Newswise – In a study published in Advanced materials, Researcher Pietro Veglianese, Valeria Veneruso and Emilia Petillo from the Istituto di Ricerche Farmacologiche Mario Negri IRCCS in collaboration with Filippo Rossi of Politecnico di Milano have shown that an innovative nanovector (nanogel) they developed is capable of delivering anti-inflammatory drugs specifically to glial cells that are actively involved in the development of spinal cord injury, a condition that leads to paraplegia or quadriplegia.

Currently available treatments to modulate the inflammatory response mediated by the component that controls the internal environment of the brain after acute spinal cord injury have shown limited effectiveness. This is also due to the lack of a therapeutic approach that can selectively act on microglial and astrocyte cells.

The nanovectors developed by the Politecnico di Milano, so-called nanogels, consist of polymers that can bind to specific target molecules. In this case, the nanogels were designed to bind to glial cells, which are crucial in the inflammatory response following acute spinal cord injury. The collaboration between the Istituto di Ricerche Farmacologiche Mario Negri IRCCS and the Politecnico di Milano showed that nanogels loaded with a drug with anti-inflammatory effects (rolipram) were able to convert glial cells from a damaging to a protective state, thus actively contributing to the recovery of injured Tissue. Nanogels were shown to have a selective effect on glial cells by specifically releasing the active ingredient, maximizing its effect and reducing possible side effects.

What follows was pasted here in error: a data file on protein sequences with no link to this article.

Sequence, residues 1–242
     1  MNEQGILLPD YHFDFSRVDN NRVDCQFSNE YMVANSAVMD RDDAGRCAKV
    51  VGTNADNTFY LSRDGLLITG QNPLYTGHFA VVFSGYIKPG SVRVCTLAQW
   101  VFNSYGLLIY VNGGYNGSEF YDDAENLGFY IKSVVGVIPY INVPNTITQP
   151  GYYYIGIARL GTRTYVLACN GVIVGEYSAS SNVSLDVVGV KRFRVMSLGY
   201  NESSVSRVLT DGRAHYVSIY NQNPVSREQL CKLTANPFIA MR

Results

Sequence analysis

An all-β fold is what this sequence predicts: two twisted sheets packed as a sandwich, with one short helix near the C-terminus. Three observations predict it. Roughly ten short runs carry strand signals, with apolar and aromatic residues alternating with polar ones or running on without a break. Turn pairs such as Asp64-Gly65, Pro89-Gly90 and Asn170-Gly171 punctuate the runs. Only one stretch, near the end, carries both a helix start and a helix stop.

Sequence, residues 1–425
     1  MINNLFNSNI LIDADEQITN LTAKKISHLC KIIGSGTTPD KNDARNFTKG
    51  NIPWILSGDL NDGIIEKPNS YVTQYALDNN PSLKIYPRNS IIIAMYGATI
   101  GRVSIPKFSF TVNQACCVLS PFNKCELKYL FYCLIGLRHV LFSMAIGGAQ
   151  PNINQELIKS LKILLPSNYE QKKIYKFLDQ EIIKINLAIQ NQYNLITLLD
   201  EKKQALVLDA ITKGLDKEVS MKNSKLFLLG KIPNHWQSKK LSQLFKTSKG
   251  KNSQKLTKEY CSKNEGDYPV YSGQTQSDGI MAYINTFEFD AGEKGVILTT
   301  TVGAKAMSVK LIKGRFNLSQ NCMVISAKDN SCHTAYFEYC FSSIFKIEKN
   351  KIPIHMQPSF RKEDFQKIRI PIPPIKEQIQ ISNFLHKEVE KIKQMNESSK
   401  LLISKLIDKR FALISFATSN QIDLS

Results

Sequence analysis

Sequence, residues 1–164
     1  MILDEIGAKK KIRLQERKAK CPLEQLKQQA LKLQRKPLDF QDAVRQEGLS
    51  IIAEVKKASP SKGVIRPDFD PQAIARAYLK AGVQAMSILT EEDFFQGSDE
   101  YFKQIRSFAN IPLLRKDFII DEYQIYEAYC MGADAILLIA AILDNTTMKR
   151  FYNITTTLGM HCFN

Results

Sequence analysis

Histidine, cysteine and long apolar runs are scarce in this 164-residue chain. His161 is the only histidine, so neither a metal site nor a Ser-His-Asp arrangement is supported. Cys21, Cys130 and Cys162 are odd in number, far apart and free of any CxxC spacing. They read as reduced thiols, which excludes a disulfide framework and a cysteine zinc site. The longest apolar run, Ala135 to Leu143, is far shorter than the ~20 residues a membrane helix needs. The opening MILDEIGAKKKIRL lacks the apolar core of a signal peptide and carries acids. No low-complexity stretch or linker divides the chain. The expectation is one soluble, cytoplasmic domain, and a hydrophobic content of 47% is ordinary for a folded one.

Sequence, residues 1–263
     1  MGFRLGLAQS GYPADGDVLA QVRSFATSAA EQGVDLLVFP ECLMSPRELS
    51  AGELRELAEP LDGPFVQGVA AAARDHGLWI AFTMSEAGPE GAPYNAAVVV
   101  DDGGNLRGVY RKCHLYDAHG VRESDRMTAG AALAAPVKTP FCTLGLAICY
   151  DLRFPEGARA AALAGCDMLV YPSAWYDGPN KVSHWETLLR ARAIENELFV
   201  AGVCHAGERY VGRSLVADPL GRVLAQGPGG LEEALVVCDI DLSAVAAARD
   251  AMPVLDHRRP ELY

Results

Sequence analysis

“The key to the research was to understand the functional groups that nanogels can selectively target within specific cell populations,” explained Filippo RossiProfessor at the Faculty of Chemistry, Materials and Chemical Engineering “Giulio Natta” at the Politecnico di Milano – This enables drug treatments to be optimized by reducing undesirable effects.”

“The results of the study“, continues Pietro Veglianese, Head of the Department of Acute Spinal Trauma and Regeneration, Department of Neuroscience at the Istituto Mario Negri, “show that nanogels reduced inflammation and improved recovery ability in animal models of spinal cord injury, thereby partially restoring motor function. These results open the way to new therapeutic options for myelolysis patients. “In addition, this approach could also be useful for the treatment of neurodegenerative diseases such as Alzheimer’s, in which inflammation and glial cells play an important role.”

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